Mavris v. RSI Enterprises Incorporated

Filing 52

ORDER that Defendant's Motion for Summary Judgment, or Alternatively, Summary Adjudication (Doc. 41 ) is denied. See order for complete details. Signed by Judge Neil V. Wake on 1/16/15. (NKS)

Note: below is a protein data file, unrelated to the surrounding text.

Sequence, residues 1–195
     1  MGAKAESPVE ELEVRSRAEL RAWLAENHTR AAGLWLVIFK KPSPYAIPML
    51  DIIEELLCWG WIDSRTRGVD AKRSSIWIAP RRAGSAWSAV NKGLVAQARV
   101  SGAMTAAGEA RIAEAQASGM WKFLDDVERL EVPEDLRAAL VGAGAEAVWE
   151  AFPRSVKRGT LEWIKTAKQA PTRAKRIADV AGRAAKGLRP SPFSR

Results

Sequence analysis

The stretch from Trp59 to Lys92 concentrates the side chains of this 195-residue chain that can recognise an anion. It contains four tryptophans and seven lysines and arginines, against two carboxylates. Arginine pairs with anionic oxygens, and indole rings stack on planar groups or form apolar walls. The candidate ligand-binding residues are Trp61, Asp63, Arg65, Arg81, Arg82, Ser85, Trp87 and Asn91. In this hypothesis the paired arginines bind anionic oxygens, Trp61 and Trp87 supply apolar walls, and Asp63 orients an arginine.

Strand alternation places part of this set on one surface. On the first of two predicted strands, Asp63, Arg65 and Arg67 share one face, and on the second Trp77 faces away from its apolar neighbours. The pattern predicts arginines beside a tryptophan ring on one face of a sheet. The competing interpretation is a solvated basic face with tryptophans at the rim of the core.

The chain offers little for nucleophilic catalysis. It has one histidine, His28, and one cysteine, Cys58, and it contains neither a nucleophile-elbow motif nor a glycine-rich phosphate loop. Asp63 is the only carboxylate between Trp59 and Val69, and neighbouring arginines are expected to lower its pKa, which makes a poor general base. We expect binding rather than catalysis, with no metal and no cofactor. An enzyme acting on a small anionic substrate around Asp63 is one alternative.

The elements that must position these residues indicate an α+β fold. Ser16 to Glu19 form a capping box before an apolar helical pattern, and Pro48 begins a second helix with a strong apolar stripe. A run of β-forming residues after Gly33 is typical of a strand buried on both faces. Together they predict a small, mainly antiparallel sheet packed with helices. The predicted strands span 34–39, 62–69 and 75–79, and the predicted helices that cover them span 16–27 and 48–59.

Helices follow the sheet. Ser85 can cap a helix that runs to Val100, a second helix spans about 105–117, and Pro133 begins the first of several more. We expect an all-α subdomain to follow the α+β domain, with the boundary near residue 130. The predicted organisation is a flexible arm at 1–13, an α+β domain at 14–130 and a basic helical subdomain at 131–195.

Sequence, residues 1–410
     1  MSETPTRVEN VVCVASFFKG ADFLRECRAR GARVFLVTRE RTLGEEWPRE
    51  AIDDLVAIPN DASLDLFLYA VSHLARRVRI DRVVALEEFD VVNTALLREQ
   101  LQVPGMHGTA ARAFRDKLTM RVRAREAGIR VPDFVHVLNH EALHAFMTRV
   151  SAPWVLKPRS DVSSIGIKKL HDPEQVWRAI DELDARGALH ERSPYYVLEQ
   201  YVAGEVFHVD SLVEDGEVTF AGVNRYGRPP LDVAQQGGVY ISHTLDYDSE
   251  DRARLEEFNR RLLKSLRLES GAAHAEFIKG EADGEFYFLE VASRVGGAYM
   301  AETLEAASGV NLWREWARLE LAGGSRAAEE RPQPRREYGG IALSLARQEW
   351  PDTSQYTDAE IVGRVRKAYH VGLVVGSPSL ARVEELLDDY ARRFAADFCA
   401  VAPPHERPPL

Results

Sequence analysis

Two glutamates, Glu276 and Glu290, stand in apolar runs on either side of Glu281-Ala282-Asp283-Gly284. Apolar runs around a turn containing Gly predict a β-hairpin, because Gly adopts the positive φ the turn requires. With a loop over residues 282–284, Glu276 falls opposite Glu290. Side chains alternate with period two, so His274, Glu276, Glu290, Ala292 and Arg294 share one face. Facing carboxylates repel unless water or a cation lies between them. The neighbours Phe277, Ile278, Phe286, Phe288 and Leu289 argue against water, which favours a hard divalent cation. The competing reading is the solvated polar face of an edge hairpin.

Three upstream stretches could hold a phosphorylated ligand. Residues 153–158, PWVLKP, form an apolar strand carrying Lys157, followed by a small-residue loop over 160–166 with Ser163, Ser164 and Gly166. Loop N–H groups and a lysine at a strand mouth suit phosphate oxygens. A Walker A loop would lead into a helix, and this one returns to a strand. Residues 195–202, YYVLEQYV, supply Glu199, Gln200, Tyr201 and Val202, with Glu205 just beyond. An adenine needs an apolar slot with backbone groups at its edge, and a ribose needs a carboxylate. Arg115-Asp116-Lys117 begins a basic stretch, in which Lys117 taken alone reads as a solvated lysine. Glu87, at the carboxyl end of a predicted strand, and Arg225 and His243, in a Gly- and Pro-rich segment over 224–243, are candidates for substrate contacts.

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1 WO 2 3 4 5 6 IN THE UNITED STATES DISTRICT COURT 7 FOR THE DISTRICT OF ARIZONA 8 9 Joanna F. Mavris, No. CV-14-01058-PHX-NVW Plaintiff, 10 11 v. 12 ORDER RSI Enterprises Incorporated, 13 Defendant. 14 Before the Court are Defendant’s Motion for Summary Judgment, or 15 Alternatively, Summary Adjudication (Doc. 41) and the Response (Doc. 49). For the 16 reasons that follow, the Motion will be denied. 17 18 I. BACKGROUND 19 On two occasions in December 2012, Plaintiff received medical treatment at a 20 hospital operated by Scottsdale Healthcare. Doc. 45-1 at 6-7. The hospital created 21 separate billing accounts for these two visits, one ending in 0028 (“0028 account”) and 22 the other ending in 0403 (“0403 account”). 23 uninsured, she did not pay the hospital at the time of her treatment, and she has not 24 submitted payment since. Doc. 45-1 at 13-14. Scottsdale Healthcare assigned the 0028 25 account and the 0403 account to Defendant on January 14, 2013, and January 15, 2013, 26 respectively, for servicing. 27 Defendant sent Plaintiff a billing invoice on Scottsdale Healthcare letterhead. Id. at 2-3. 28 Sometime around late January 2013, Plaintiff applied to Scottsdale Healthcare for Doc. 44 at 2. Doc. 43 at 4. Because Plaintiff was The day after receiving each account, 1 “financial aid” in paying down her debts. Doc. 45-1 at 7-8. Scottsdale Healthcare denied 2 these requests in letters dated April 22, 2013, and May 10, 2013. 3 Defendant’s “collection notes” for the 0028 account show an entry dated March 8, 2013, 4 that reads “CANCELLED-CAN 4062.64”; a May 16, 2013 notation indicates “ACCT 5 REACTIVATED PER NEW BIS FILE.” Doc. 44 at 2; 44-1 at 4. The 0403 account’s 6 collection notes show similar entries made on March 8, 2013, and April 18, 2013. Doc. 7 44 at 2; Doc. 44-2 at 4. Doc. 44 at 2. 8 On May 23, 2013, Defendant sent Plaintiff a letter on Scottsdale Healthcare 9 letterhead notifying her that the 0028 and 0403 accounts “remain[ed] unresolved” and 10 requesting that she submit payment to Scottsdale Healthcare. Doc. 44 at 3; Doc. 51-5 at 11 2. A June 20, 2013 letter from Defendant, also on Scottsdale Healthcare letterhead, 12 informed Plaintiff that the two accounts were “now seriously past due.” Doc. 44 at 3; 13 Doc. 51-6 at 2. “If this account is not paid in full, or if suitable arrangements for 14 payment have not been made within 30 days,” the June 20 letter reads, “this account will 15 be turned over to an outside collection agency for collection.” Doc. 51-6 at 2. The letter 16 also states that “THIS IS YOUR FINAL OPPORTUNITY TO RESOLVE YOUR 17 ACCOUNT BEFORE IT IS PLACED WITH A COLLECTION AGNECY.” 18 (emphasis in original). Both letters are signed “Sincerely, Scottsdale Healthcare”; neither 19 gives any indication that it was sent by Defendant, rather than Scottsdale Healthcare. See 20 Doc. 51-5, 51-6. A month later, on July 18, 2013, Defendant sent Plaintiff another letter 21 regarding the 0403 account—this time on its own letterhead—that begins, “Scottsdale 22 Healthcare assigned this balance to [Defendant] for pre-collection efforts … . If payment 23 in full is not received or contact established with Scottsdale Healthcare within 30 days 24 you may be sent to a third-party collections company.” Doc. 44 at 3; Doc. 51-7 at 2. 25 Lower down, the letter contains the following warning: “This communication is from a 26 debt collector. This is an attempt to collect a debt. Any information obtained will be 27 used for that purpose.” 28 locations, the letter instructs Plaintiff to send all payments and correspondence to Doc. 51-7 at 2 (emphasis in original). -2- Id. In two separate 1 Scottsdale Healthcare. Id. A substantially identical letter concerning account 0028 2 followed on August 15, 2013. See Doc. 51-8; Doc. 44 at 3. 3 The next day, Scottsdale Healthcare “recall[ed]” the 0403 account from 4 Defendant, which then “cancelled” the account and “returned” it to Scottsdale 5 Healthcare. Doc. 44 at 3. Defendant’s collection notes for this date reflect entries 6 reading “ACCOUNT CANCELLED AND RETURNED FOR BAD DEBT PER DAILY 7 TRANS FILE” and “CANCELLED-CNR 3394.83.” 8 Healthcare declared that account to be in default and two weeks later, on August 30, 9 2013, referred it to West Asset Management, a “third-party debt collector.” Doc. 41 at 8; 10 Doc. 43 at 4. After attempting for a month to collect Plaintiff’s debt, West Asset 11 Management returned the 0403 account to Scottsdale Healthcare on October 3, 2013. 12 Doc. 43 at 4. Similarly, Scottsdale Healthcare declared the 0028 account to be in default 13 and recalled it from Defendant on September 13, 2013, then referred it to West Asset 14 Management on September 27, 2013. Id. On Defendant’s collection notes for the 0028 15 account, two September 13, 2013 entries read “ACCOUNT CANCELLED AND 16 RETURNED FOR BAD DEBT PER DAILY TRANS FILE” and “CANCELLED-CNR 17 4062.64.” Doc. 44-1 at 7. The account was returned to Scottsdale Healthcare in January 18 2014 after unsuccessful attempts to collect the debt from Plaintiff. Doc. 43 at 4. Doc. 44-2 at 8. Scottsdale 19 Plaintiff filed this putative class action on May 16, 2014, seeking statutory and 20 actual damages, on behalf of herself and other members of the proposed class, under the 21 Fair Debt Collection Practices Act (“FDCPA”), 15 U.S.C. § 1692 et seq. The first of the 22 Complaint’s (Doc. 1) three causes of action alleges a violation of 15 U.S.C. § 1692g(b). 23 Under § 1692g(a), “[w]ithin five days after the initial communication with a consumer in 24 connection with the collection of any debt, a debt collector shall” provide the consumer a 25 “written notice” that contains: (1) the amount of the debt; (2) the name of the creditor to whom the debt is owed; (3) a statement that unless the consumer, within thirty days after receipt of the notice, disputes the validity of the debt, or any portion thereof, the debt will be assumed to be valid by the debt collector; 26 27 28 -3- 1 2 3 4 5 6 7 8 9 10 11 12 13 14 15 16 17 18 19 20 21 22 23 24 25 26 27 28 (4) a statement that if the consumer notifies the debt collector in writing within the thirty-day period that the debt, or any portion thereof, is disputed, the debt collector will obtain verification of the debt or a copy of a judgment against the consumer and a copy of such verification or judgment will be mailed to the consumer by the debt collector; and (5) a statement that, upon the consumer's written request within the thirtyday period, the debt collector will provide the consumer with the name and address of the original creditor, if different from the current creditor. Section 1692g(b) provides, in turn, that “[a]ny collection activities and communication during the 30-day period may not overshadow or be inconsistent with the disclosure of the consumer’s right to dispute the debt or request the name and address of the original creditor.” According to Plaintiff, Defendant’s July 18, 2013 and August 15, 2013 letters—which were written on Defendant’s own letterhead and which contain the § 1692g(a) disclosures—were “ineffective and overshadowed and contradicted the statutory notice” in two ways. Doc. 1 at 11. First, those letters “directed Plaintiff to send all correspondence not to Defendant, but to [Scottsdale Healthcare],” notwithstanding the statute’s requirement that “all disputes and verification requests must be made to the debt collector, not to a third party, to be effective.” Id. at 11-12. Second, the letters allegedly demanded payment be made “within 30 days” of the dates they were sent, id. at 12, even though the statute permits consumers to inform a debt collector of a dispute “within thirty days after receipt of the notice,” 15 U.S.C. § 1692g(a)(3) (emphasis added). The Complaint alleges that the “effect of the July 18, 2013 and August 15, 2013 communications was to cause the least-sophisticated consumer to waive, or not assert, the rights afforded under 15 U.S.C. § 1692g.” Doc. 1 at 12. In her second cause of action, Plaintiff alleges Defendant ran afoul of 15 U.S.C. § 1692e(2)(A), which prohibits a “debt collector” from “us[ing] any false, deceptive, or misleading representation or means in connection with the collection of any debt,” such as the “false representation” of “the character, amount, or legal status of any debt.” Defendant allegedly violated this provision in its July 18, 2013 and August 15, 2013 letters when it warned Plaintiff that her account might be sent to a “third-party collections -4- 1 company” if she did not submit payment within 30 days. Doc. 51-7 at 2. Because 2 Defendant is itself a “debt collections company,” Plaintiff argues, those letters 3 misleadingly suggested her accounts had not already been forwarded to a debt collector. 4 Doc. 1 at 13. 5 Plaintiff’s third cause of action piggybacks off of her second. Section 1692e 6 provides a non-exhaustive list of types of conduct that violate the ban on using “any false, 7 deceptive, or misleading representation or means in connection with the collection of any 8 debt.” 15 U.S.C. § 1692e. Among the proscribed categories of conduct is a catchall 9 prohibiting the “use of any false representation or deceptive means to collect or attempt 10 to collect any debt or to obtain information concerning a consumer.” Id. § 1692e(10). 11 Plaintiff maintains that “Defendant’s July 18, 2013 and August 15, 2013 communications 12 urged Plaintiff to take action before her accounts were sent to a third-party debt 13 collections company, even though her accounts were already placed with Defendant—a 14 third-party collections company.” Doc. 1 at 14. The “misleading” nature of these letters 15 allegedly renders them in violation of 15 U.S.C. § 1692e(10). Id. 16 At their August 2014 scheduling conference, the parties agreed to stay discovery 17 on the question of class certification until after resolution of any dispositive motions 18 regarding Plaintiff’s individual case. Defendant filed the instant summary judgment 19 motion on November 14, 2014. 20 21 II. LEGAL STANDARD 22 A motion for summary judgment tests whether the opposing party has sufficient 23 evidence to merit a trial. At its core it questions whether sufficient evidence exists from 24 which a reasonable jury could find in favor of the party opposing the motion. Summary 25 judgment should be granted if the evidence reveals no genuine dispute about any material 26 fact and the moving party is entitled to judgment as a matter of law. Fed. R. Civ. P. 56(a). 27 A material fact is one that might affect the outcome of the suit under the governing 28 law, and a factual issue is genuine “if the evidence is such that a reasonable jury could return -5- 1 a verdict for the nonmoving party.” Anderson v. Liberty Lobby, Inc., 477 U.S. 242, 248 2 (1986). The nonmoving party must produce evidence to support its claim or defense by 3 more than simply showing “there is some metaphysical doubt as to the material facts.” 4 Matsushita Elec. Indus. Co. v. Zenith Radio Corp., 475 U.S. 574, 586 (1986). The Court 5 must view the evidence in the light most favorable to the nonmoving party, must not weigh 6 the evidence or assess its credibility, and must draw all justifiable inferences in favor of the 7 nonmoving party. Reeves v. Sanderson Plumbing Prods., Inc., 530 U.S. 133, 150 (2000); 8 Anderson, 477 U.S. at 255. Where the record, taken as a whole, could not lead a rational 9 trier of fact to find for the nonmoving party, there is no genuine issue for trial. Matsushita, 10 475 U.S. at 587. 11 12 III. ANALYSIS 13 Defendant’s sole contention in its Motion is that it is not subject to the FDCPA 14 because, at all times relevant to this action, it did not qualify as a “debt collector” for 15 purposes of the FDCPA. The FDCPA defines “debt collector” as “any person who uses 16 any instrumentality of interstate commerce or the mails in any business the principal 17 purpose of which is the collection of any debts, or who regularly collects or attempts to 18 collect, directly or indirectly, debts owed or due or asserted to be owed or due another.” 19 15 U.S.C. § 1692a(6). Exempted from this definition, however, is “any person collecting 20 or attempting to collect any debt owed or due or asserted to be owed or due another to the 21 extent such activity … (iii) concerns a debt which was not in default at the time it was 22 obtained by such person.” Id. § 1692a(6)(F). Defendant argues that because Plaintiff’s 23 debt was not “in default” at the time Defendant acquired it, Defendant cannot be 24 classified as a debt collector and is therefore not subject to liability under the FDCPA. 25 “Although the [FDCPA] does not define ‘in default,’ courts interpreting § 26 1692a(6)(F)(iii) look to any underlying contracts and applicable law governing the debt at 27 issue.” De Dios v. Int’l Realty & RC Invs., 641 F.3d 1071, 1074 (9th Cir. 2011). In other 28 words, “[w]hether a debt is in default is generally controlled by the terms of the contract -6- 1 creating the indebtedness and applicable state law.” 2 Comm’n, Advisory Op. n.2 (April 25, 1989)) (internal quotation marks omitted). In 3 addition, the FDCPA’s “legislative history is consistent with construing ‘in default’ to 4 mean a debt that is at least delinquent, and sometimes more than overdue.” Id. at 1075 5 n.3 (citations omitted). See id. (quoting Fed. Trade 6 In this case, both parties agree that no contract between Plaintiff and Scottsdale 7 Healthcare spells out exactly when or under what conditions her debts would go into 8 default. Doc. 41 at 12; Doc. 49 at 14. Arizona law does not appear to provide a clear 9 definition of “in default” or a test for determining when a borrower has defaulted. The 10 Court is therefore left to apply a “case-by-case approach to determining when a debt is 11 ‘in default.’” Natividad v. Wells Fargo Bank, N.A., No.: 3:12-cv-03646 JSC, 2013 U.S. 12 Dist. LEXIS 74067, at *13 (N.D. Cal. May 24, 2013) (citing De Dios, 641 F.3d at 1075 13 n.3). In several cases, courts have filled this void by holding that a determination of 14 default turns on “the ‘state of mind’ of the creditor,” i.e., “whether the creditor 15 consider[s] the debt to be in default.” Roberts v. NRA Grp., LLC, NO. 3:11-2029, 2012 16 U.S. Dist. LEXIS 113021, at *17 (M.D. Pa. Aug. 10, 2012) (citation omitted). Other 17 courts have adopted a much more expansive reading, finding that, at least in certain 18 circumstances, “default” should be interpreted according to its “dictionary definition”— 19 namely, “[t]he omission or failure to perform a legal or contractual duty; esp., the failure 20 to pay a debt when due.” Magee v. AllianceOne, Ltd., 487 F. Supp. 2d 1024, 1027-28 21 (S.D. Ind. 2007) (alteration in original) (quoting Black’s Law Dictionary (7th ed. 1999)). 22 On this view, a debt could be in default just one day after the borrower misses a payment. 23 Neither alternative is particularly appealing. Although this case does not present 24 such facts, the former interpretation would in some cases undermine the FDCPA’s stated 25 intent to “eliminate abusive debt collection practices by debt collectors.” 15 U.S.C. § 26 1692(e). “For example, because 15 U.S.C. § 1692a(6)(F)(iii) looks at whether the loan 27 was in default at the time it was ‘obtained’ by the person involved in the collection 28 activity, and not whether it is in default at the time the collection activity takes place, [a -7- 1 creditor] could [refer] [a borrower’s] account to [a third party] for collection one day and 2 declare[] her account to be in default the next, thereby allowing [the third party] to 3 engage in collection practices that are prohibited by the FDCPA (because the loan was 4 not in default when [the third party] ‘obtained’ it) and at the same time giving [the 5 creditor] the ‘rights upon default’ afforded it under” a written agreement between the 6 creditor and the borrower. Magee, 487 F. Supp. 2d at 1028. Conversely, “the FDCPA’s 7 broad, pro-debtor objectives would not be served if [courts] adopted [the] argument that 8 default occurs immediately after payment becomes due.” Alibrandi v. Fin. Outsourcing 9 Servs., 333 F.3d 82, 87 (2d Cir. 2003) (per curiam). That argument would “expos[e] 10 debtors to the sort of adverse measures, such as acceleration, repossession, increased 11 interest rates, and negative reports to credit bureaus, from which the [FDCPA] intended 12 to afford debtors a measure of protection.” Id. 13 Fortunately, resolving Defendant’s Motion does not require laying down a general 14 rule for when debts are “in default” within the meaning of the FDCPA. Even adopting 15 the “state of mind” test urged by Defendant, there remains a genuine issue of fact about 16 whether Plaintiff’s debts were in default at the time Defendant obtained them. Defendant 17 has submitted a Declaration (Doc. 43) signed by Jerry Byrd, Scottsdale Healthcare’s 18 System Director, who attests that Scottsdale Healthcare sends all of its “self-pay” 19 accounts—those with remaining balances after treatment is complete, Doc. 41 at 6—to 20 Defendant, Doc. 43 at 2. According to Byrd, Scottsdale Healthcare’s accounts remain 21 with Defendant for “approximately 120 days,” at which point accounts that “do not 22 warrant additional time” are recalled by Scottsdale Healthcare. Doc. 43 at 3-4. It is only 23 at this point that Scottsdale Healthcare declares those accounts to be in default and 24 forwards them to West Asset Management, “a third-party debt collector.” Id. at 4. The 25 “Request for Proposal” by which Scottsdale Healthcare solicited vendors to collect self- 26 pay accounts explains that it “does not include bad debt collections,” Doc. 43-1 at 3, an 27 industry term for “[p]ost-default debt,” Doc. 43 at 2. Therefore, Byrd explains, “none of 28 the accounts sent by Scottsdale Healthcare to [Defendant] are in default.” Doc. 43 at 3. -8- 1 In the eyes of Scottsdale Healthcare, Plaintiff’s accounts “were not in default at any time 2 while they were being serviced by [Defendant] on behalf of Scottsdale Healthcare.” Id. 3 at 4. Defendant’s Executive Vice President and Chief Operating Officer, who is partly 4 responsible for maintaining the company’s relationship with Scottsdale Healthcare, has 5 also signed a Declaration asserting that Scottsdale Healthcare did not view Plaintiff’s 6 accounts as being in default at any time while Defendant was servicing them. Doc. 46 at 7 2, 3. 8 Nevertheless, Plaintiff attaches a copy of what she describes as Scottsdale 9 Healthcare’s “publicly available billing policies,” in the form of a document titled 10 “Patient Financial Responsibilities Statement.” Doc. 49 at 14. The “Nonpayment” 11 section of that document informs potential patients: “If your account is over 90 days past 12 due, you will receive a letter stating that you have 10 days to pay your account in full. … 13 Please be aware that if a balance remains unpaid, we may refer your account to a 14 collection agency.” Doc. 51-10 at 2. Similarly, a “Financial Policy” form submitted by 15 Plaintiff asks Scottsdale Healthcare patients to sign their name to the following statement: 16 “I understand if my account is not paid in full within 90 days, I may be turned over to a 17 collection agency for further processing.” Doc. 51-11 at 2. There is no evidence Plaintiff 18 ever received a letter, from either Defendant or Scottsdale Healthcare, giving her 10 days 19 to pay her account in full. And because neither document bears Plaintiff’s signature, it is 20 unclear whether Plaintiff signed similar forms at the time of treatment. But even if she 21 did not, these documents still suggest that after 90 days, Scottsdale Healthcare may 22 consider unpaid debts to be potentially assignable to a “collection agency”—in other 23 words, “in default.” 24 Defendant argues that because “Scottsdale Healthcare does not send billing 25 invoices on accounts referred to [Defendant],” Doc. 46 at 2, no demand for payment had 26 been made to Plaintiff at the time Defendant obtained her accounts in January 2013. 27 Doc. 41 at 10. Therefore, the argument goes, those accounts could not possibly have 28 -9- 1 been in default when acquired by Defendant. Even if this is true,1 there remains a 2 genuine dispute regarding the date on which Defendant “obtained” Plaintiff’s accounts. 3 Both parties appear to agree that Defendant first obtained the accounts in January 2013. 4 But Plaintiff points to Defendant’s collection notes to show that the 0403 and 0028 5 accounts were “cancelled” on March 8, 2013, and not “reactivated” until April 18, 2013, 6 and May 16, 2013, respectively. See Doc. 44-1 at 4, Doc. 44-2 at 4. Neither party 7 explains exactly what it means for an account to be cancelled and later reactivated. As a 8 result, it is unclear whether Defendant “re-obtained” the accounts when they were 9 reactivated, or whether those accounts had merely lain in a state of dormancy between 10 cancellation and reactivation. If the former, then the 0403 account was obtained 92 days 11 after Defendant sent Plaintiff its January 16, 2013 billing invoice (and 113 days after 12 Scottsdale Healthcare allegedly requested a $250 deposit), and the 0028 account was 13 obtained 121 days after Defendant sent Plaintiff its January 15, 2013 billing invoice (and 14 142 days after Scottsdale Healthcare allegedly requested a $250 deposit). Regardless of 15 when the clock started running on Plaintiff’s debts, therefore, Defendant obtained them 16 after more than the 90 days that Scottsdale Healthcare’s “Patient Financial 17 Responsibilities Statement” and “Financial Policy” suggest may mark the beginning of 18 default. 19 The evidence Plaintiff presents in her Response—including the Cheek email and 20 Defendant’s collection notes—suggests, but does not definitively establish, that 21 Defendant obtained her debts while they were in default. The Court would need more 22 facts to reach a firm conclusion on that question. Regardless, it is Defendant, not 23 Plaintiff, who bears the burden on this summary judgment motion. Defendant has not 24 carried that burden. At the very least, there exists a genuine dispute about whether 25 26 27 28 1 A June 23, 2014 email sent by Karen Cheek, the System Director for Revenue Cycle Services, suggests Scottsdale Healthcare requested a “$250 deposit” from Plaintiff during both of her hospital visits. Doc. 51-4 at 2. Neither party’s brief explains what kind of entity Revenue Cycle Services is or what role it played in this case, and it is unclear to whom the email was addressed. The probative value of this correspondence is therefore limited. - 10 - 1 Plaintiff’s debts were in default when Defendant obtained them—a fact that is 2 undoubtedly material to determining the extent of Defendant’s liability. 3 In her Response, Plaintiff argues that summary judgment should be denied 4 because Defendant, through its conduct, has waived the right to claim it is not a debt 5 collector. Specifically, Plaintiff contends Defendant is estopped from denying debt- 6 collector status because in its July 18, 2013 and August 15, 2013 letters, Defendant 7 “inform[ed] Plaintiff that [it] is a debt collector, that the purpose of its communications 8 with Plaintiff was to collect a debt, and of her rights under the FDCPA.” Doc. 49 at 8. 9 The cases Plaintiff cites indicate there may be some merit to this argument. But deciding 10 the issue is unnecessary to resolving Defendant’s Motion. Accordingly, the Court will 11 not consider that argument. 12 13 14 15 IT IS THEREFORE ORDERED that Defendant’s Motion for Summary Judgment, or Alternatively, Summary Adjudication (Doc. 41) is denied. Dated this 16th day of January, 2015. 16 17 Neil V. Wake United States District Judge 18 19 20 21 22 23 24 25 26 27 28 - 11 -